Light entrepreneurs in construction, heavy entrepreneurship the only option.
The unsustainable situation on the construction sites started a few years ago. Light entrepreneurship took on a bigger role on construction sites and became a new practice. I myself wondered for a long time when people would wake up to their responsibilities and obligations. Well, it took a few years and a few serious cases of labour exploitation. The movement of the Construction Union and its recommendation to use light contractors was a turning point and is now reaching full implementation in Finland. At the moment, light contractors have no place on any construction site and that is good, although light contracting in itself is not bad for Finland’s economic growth.
The light entrepreneurial activity was a big gap in the compliance with responsibilities and obligations and an impossible situation for regulatory monitoring. Among the light entrepreneurs there were skilled professionals who found a flexible model for doing business, but there were many others. Others were often foreign workers who did not know how and under what conditions to work. This disguise of labour was eradicated in Finland in order to maintain fair and responsible practices in the construction sector.
Light entrepreneur, member of a cooperative, sole trader and owner of a limited company?
To get everyone on the same page, let’s go through the terms. Nobody may have taken a position on this, but light entrepreneurs are software customers. Billing service companies are software vendors. In the technology business world, the often used term SaaS operation would best describe billing service companies whose customers are light business owners. A light entrepreneur is not bound by any legislation or authority other than the instructions of the tax authorities. At this point, it should be understood that invoicing service providers are often limited companies and that light entrepreneurs are natural persons.
Otherwise, limited companies, cooperatives and limited liability companies engaged in traditional construction activities have been in existence long before the emergence of light entrepreneurship. Limited companies can be small or large, owner-driven or management-driven, where the owners themselves may be working on the site. Cooperatives come in many sizes and are based on the ownership of the cooperative membership, where work can be done as an entrepreneur or as an employee depending entirely on the cooperative and their practices in the same way as in a limited company by its owners. The cooperatives are very clearly one-man businesses where skills are sold to customers. Each of these is linked by clear corporate forms and legal responsibilities and obligations.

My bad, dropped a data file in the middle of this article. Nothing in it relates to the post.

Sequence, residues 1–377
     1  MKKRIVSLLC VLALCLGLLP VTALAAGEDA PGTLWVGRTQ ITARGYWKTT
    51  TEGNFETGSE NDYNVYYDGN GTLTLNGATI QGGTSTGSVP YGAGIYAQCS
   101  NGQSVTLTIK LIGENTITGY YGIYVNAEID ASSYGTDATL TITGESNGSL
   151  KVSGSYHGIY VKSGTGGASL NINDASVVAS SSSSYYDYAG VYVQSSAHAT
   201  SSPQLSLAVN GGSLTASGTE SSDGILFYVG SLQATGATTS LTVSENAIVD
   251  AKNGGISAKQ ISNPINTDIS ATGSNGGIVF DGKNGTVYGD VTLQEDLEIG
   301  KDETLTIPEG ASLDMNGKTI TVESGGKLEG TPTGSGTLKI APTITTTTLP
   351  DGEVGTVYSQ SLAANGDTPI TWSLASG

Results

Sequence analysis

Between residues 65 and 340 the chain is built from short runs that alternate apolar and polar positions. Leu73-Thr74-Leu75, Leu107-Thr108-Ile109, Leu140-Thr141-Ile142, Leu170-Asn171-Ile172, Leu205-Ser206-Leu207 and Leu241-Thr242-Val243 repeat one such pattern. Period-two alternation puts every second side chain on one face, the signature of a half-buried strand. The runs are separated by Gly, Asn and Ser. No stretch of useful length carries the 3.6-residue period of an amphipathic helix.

The debate on the dividing line between employment and self-employment has been heated in the construction sector. The reformed Employment Contracts Act will give more weight to the overall assessment, where the principle of different legal entities can be ignored in cases of employment-entrepreneur demarcation. This is not very sustainable and clarity cannot be achieved, at least not for the first 2 years. Therefore, the focus should be on the employment contract, the entrepreneur’s risk and the entrepreneur’s return, where it can be clearly established whether it is an employment relationship or self-employment.
What makes it challenging, however, is the prevailing lack of knowledge and understanding of business forms. For example, the owner of a limited company and a member of a co-operative are in a very similar legal position, yet a client may say, based on unfamiliarity, that a limited company is a co-operative even though the work is actually done in exactly the same way. Consequently, the construction industry should have a similar atmosphere of openness and discussion, as has been achieved in many other industries in Finland.
What is happening now on construction sites where light contractors were used?
A very enlightened estimate is that a number of highly skilled professionals will seek membership of cooperatives or set up their own limited company, which is again a very resource and investment-heavy form. This other group, trying to find a shortcut to happiness in the construction industry, will find the easiest solution in self-employment, as billing service companies have started to offer the self-employed model. The same problems remain and there is no avoiding labour exploitation cases. The deal is done at this point.
The solution, as I see it, is to use responsible limited companies and cooperative entrepreneurs, where the rules are clear and regulatory supervision can always be carried out. This clarifies and still gives flexibility to the construction sector while respecting the different forms of entrepreneurship. It is good to remember that entrepreneurship is still the backbone of Finland and discriminating against it in one form or another is not sustainable.
Summa summarum, the Building Federation has made a very appropriate recommendation on the use of light contractors. On a positive note, the major main contractors have also been very active in taking up the issue. The challenge I see is what happens to the forms of enterprise that were accepted before the emergence of the light entrepreneur form, such as the cooperative form, and how we can ensure that there are no further hidden cases of exploitation in the subcontracting chain in the form of a business name, because that is what it may already smell like.
The last thing to say is that the construction sector is in decline and difficult times lie ahead. Responsible behaviour and adherence to obligations is important, but it is vital to support entrepreneurship, whether in the construction sector or in other sectors. Eurowork is a co-operative that supports entrepreneurship and has a model that aims to contribute to the activities of its members.